Mountain biking is one of the most popular outdoor activities, especially in the United States where there are around 40 million people who hit the trails each year. Mountain biking is certainly a challenging activity, but a very rewarding one that allows you to see places that you might not otherwise see.
With that in mind, there are plenty of new people that get into mountain biking on a yearly basis, as well. However, many of these people can become discouraged from riding because they try to jump into things too quickly. If you’re one of the many who are thinking about getting into mountain biking, there are some things that you should consider. Here are five tips for mountain bike beginners.
Setting Up Your Bike
No matter what item it is, whenever you get it from the store, you’re going to want to try it out the second that exit the store. While your new mountain bike may be ready to ride on the street, it probably isn’t ready for the trails just yet. You’ll want to make sure that it’s set up to perfection before you go on any serious ride. The first thing that you’ll want to check is the seat, making sure that you have the right height and position.
Stability and comfort are the two most important aspects of your seat, and from there you can adjust the suspension. The pressure needed will be different for everyone depending on weight, and you can adjust this if you drop or gain a few pounds. The other big part of the setup is the tires, as the right amount of air pressure can make or break any ride. It should be adjusted based on the trail. Keep the gears well-greased and your bike clean both before and after every ride.
Get The Right Gear
Now that you have the right bike, you’re not quite ready to roll just yet. After all, you can’t just hop on with a pair of sandals and some casual clothes and call it a day. First thing first, you’ll need a helmet. Make sure you find one that fits you properly above all else and check for the safety ratings.
As for other external gear, you’ll want to protect both your eyes and hands with gloves and glasses. Wicking shirts, padded shorts (or tights), cycling socks, and other articles of clothing that will keep you cool and dry are much-needed while mountain biking. Keeping your health in peak form is important, too, so grab some hydration equipment like water bottles and a small first-aid kit. As for your bike, there is a long list of equipment that you’ll need including spare tubes, a patch kit, tire levers, and a multi-tool.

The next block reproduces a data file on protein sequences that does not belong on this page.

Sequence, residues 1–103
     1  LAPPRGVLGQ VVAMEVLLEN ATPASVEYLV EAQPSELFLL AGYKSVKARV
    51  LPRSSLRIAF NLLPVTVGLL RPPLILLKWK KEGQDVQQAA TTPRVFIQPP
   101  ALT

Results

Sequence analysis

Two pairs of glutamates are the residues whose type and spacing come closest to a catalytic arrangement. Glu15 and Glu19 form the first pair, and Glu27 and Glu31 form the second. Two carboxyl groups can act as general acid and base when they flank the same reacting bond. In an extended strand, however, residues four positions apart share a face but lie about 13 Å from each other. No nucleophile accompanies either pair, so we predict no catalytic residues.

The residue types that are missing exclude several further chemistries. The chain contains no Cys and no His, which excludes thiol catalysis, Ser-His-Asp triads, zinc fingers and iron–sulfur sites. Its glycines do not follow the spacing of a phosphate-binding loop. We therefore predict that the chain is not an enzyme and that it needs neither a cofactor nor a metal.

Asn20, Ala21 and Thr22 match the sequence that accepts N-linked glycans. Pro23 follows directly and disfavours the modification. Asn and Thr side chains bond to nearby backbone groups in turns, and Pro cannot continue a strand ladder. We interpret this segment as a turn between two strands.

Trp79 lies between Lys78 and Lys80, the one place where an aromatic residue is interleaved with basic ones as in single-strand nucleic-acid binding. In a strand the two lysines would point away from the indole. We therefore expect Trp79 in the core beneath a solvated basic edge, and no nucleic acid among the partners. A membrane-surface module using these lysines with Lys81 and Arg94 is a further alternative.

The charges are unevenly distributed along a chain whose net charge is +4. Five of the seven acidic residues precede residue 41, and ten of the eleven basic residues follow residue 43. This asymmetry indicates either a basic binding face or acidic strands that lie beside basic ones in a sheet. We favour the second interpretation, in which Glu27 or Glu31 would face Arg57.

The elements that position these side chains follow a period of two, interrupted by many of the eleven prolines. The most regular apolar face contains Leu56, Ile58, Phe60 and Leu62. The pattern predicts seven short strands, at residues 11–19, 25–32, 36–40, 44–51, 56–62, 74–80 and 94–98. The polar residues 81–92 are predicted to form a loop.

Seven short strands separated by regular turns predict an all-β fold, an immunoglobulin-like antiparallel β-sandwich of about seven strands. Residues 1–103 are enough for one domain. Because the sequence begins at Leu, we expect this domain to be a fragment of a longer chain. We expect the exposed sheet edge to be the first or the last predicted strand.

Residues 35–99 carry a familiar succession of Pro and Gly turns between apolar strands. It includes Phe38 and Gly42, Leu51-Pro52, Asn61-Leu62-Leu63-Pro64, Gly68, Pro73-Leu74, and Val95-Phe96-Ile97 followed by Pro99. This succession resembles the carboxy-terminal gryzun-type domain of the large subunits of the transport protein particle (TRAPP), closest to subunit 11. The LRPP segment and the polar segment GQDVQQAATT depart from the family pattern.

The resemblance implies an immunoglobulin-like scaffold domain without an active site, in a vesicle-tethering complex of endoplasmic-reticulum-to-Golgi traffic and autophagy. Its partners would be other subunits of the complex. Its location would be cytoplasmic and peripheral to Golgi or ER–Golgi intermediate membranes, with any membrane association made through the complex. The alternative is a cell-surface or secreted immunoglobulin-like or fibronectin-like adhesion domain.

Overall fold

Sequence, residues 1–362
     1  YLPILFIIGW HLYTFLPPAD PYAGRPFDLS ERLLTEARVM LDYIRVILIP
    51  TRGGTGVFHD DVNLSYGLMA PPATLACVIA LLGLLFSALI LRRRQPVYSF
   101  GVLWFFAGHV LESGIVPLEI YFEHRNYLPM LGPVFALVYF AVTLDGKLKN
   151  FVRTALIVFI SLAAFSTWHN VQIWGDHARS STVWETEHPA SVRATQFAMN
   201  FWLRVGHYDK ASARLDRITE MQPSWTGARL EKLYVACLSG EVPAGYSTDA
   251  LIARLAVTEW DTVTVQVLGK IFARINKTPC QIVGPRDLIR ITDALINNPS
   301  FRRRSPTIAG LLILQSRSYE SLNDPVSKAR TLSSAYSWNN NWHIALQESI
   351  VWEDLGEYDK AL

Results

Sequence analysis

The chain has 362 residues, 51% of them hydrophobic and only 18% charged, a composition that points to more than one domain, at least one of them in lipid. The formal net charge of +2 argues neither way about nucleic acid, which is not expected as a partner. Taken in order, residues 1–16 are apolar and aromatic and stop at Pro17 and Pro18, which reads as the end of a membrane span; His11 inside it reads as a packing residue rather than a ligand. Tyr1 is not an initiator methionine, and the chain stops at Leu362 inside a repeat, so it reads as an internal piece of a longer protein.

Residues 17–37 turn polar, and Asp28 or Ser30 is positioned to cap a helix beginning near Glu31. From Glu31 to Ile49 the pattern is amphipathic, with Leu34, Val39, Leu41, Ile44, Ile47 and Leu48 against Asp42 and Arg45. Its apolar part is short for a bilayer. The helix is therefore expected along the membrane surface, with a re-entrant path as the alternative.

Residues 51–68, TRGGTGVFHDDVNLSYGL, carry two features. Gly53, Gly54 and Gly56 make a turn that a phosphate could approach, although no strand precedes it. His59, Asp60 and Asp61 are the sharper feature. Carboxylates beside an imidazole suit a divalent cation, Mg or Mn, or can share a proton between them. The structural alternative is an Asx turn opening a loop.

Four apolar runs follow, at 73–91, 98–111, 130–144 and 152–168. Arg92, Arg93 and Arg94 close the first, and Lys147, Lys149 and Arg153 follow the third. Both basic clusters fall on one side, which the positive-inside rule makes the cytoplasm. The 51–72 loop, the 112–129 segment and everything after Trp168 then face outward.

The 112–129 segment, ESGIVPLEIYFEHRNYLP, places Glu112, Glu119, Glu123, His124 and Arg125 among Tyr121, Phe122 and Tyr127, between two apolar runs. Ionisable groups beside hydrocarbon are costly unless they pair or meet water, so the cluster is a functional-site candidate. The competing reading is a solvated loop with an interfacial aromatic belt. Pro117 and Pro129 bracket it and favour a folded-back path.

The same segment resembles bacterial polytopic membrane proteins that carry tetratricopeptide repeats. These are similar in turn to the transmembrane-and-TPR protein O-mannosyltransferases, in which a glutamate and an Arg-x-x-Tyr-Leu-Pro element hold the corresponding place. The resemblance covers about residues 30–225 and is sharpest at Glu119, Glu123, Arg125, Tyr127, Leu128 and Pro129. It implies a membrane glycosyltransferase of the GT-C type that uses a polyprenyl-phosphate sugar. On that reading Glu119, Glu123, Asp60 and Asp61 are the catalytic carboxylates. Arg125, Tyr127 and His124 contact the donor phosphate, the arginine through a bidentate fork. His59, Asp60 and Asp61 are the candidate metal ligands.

It can be very tempting to want to tackle the strongest trails right away, especially if you’re someone that’s in good shape and can easily go hiking on some tough trails. If you’re new to mountain biking, though, get yourself acclimated to riding by starting with the easiest trails. If you’re not sure which trails are ones are for beginners, there will be plenty of people willing to point you in the right direction, as well as forums online (think Facebook, Reddit, etc.).
Beginner trails can also be easier to spot thanks to being marked while having well-ridden paths that are wide and mostly flat. Once you start to get a feel for the bike and how it works, you can start working your way up to hillier and narrower terrains. Even the most experienced mountain bikers can have trouble with some of the more difficult trails, so don’t be discouraged if you’re struggling to keep up with the hard ones.
Learn The Riding Basics
Most of us know how to ride a bicycle already. After all, they say it’s something that you can never forget. There are several positions that you’ll want to learn that will come in handy whether you’re in the toughest terrains or the flattest and smoothest ones. The first position is the neutral position where your knees and elbows are slightly bent with your index fingers ready to brake at any time. The ready position has you shifting your weight back with your back parallel to the ground and rear off of the seat.
Your body will be positioned in different ways when you’re climbing, descending, and turning, so get a feel for where you need to be in these situations. Always keep your eyes ahead about 15 to 20 feet on the trail and pick the right line. It’s going to take some adjusting but will come to you quickly, especially when you share the trail with others, which leads us to our final point.
Every trail that you ride on should be one that’s open to the public, first and foremost. Obey any regulations that are posted on the trail and keep control of your bicycle while not leaving any trace of your ride behind.
Yield to more expert riders so that you aren’t clogging up the trail, and make sure to get out of the way if you need to stop. Most importantly, though, have fun and stay safe and you’ll be an expert in no time.